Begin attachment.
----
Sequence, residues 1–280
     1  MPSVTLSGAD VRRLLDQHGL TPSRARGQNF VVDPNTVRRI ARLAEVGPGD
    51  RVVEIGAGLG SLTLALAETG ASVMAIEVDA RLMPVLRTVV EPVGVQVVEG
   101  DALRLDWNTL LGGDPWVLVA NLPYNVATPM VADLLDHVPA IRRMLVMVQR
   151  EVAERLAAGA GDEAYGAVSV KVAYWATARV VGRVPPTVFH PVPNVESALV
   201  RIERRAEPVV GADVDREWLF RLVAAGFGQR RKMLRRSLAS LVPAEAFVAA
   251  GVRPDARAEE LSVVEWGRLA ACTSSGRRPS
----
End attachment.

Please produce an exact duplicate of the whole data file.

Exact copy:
Sequence, residues 1–280
     1  MPSVTLSGAD VRRLLDQHGL TPSRARGQNF VVDPNTVRRI ARLAEVGPGD
    51  RVVEIGAGLG SLTLALAETG ASVMAIEVDA RLMPVLRTVV EPVGVQVVEG
   101  DALRLDWNTL LGGDPWVLVA NLPYNVATPM VADLLDHVPA IRRMLVMVQR
   151  EVAERLAAGA GDEAYGAVSV KVAYWATARV VGRVPPTVFH PVPNVESALV
   201  RIERRAEPVV GADVDREWLF RLVAAGFGQR RKMLRRSLAS LVPAEAFVAA
   251  GVRPDARAEE LSVVEWGRLA ACTSSGRRPS